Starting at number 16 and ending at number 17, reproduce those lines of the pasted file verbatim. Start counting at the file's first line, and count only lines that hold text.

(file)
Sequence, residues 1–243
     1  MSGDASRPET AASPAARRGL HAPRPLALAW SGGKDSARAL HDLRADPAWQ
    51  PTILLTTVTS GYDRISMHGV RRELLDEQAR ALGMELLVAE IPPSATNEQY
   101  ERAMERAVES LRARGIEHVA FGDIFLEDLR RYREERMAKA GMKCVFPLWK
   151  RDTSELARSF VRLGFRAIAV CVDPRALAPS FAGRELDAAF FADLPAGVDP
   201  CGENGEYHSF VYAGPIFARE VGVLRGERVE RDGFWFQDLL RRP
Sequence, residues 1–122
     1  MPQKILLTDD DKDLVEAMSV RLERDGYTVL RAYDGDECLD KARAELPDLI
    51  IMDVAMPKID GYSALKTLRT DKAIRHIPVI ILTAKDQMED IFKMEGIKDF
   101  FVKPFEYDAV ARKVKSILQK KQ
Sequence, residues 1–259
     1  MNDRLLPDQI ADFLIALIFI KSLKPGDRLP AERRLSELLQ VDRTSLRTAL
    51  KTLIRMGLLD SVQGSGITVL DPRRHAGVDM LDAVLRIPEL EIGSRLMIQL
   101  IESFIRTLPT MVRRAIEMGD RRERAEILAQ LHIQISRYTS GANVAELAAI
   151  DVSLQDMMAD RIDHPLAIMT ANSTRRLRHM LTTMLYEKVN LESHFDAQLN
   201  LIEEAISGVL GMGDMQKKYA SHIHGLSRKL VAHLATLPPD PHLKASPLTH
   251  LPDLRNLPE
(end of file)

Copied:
   201  LIEEAISGVL GMGDMQKKYA SHIHGLSRKL VAHLATLPPD PHLKASPLTH
   251  LPDLRNLPE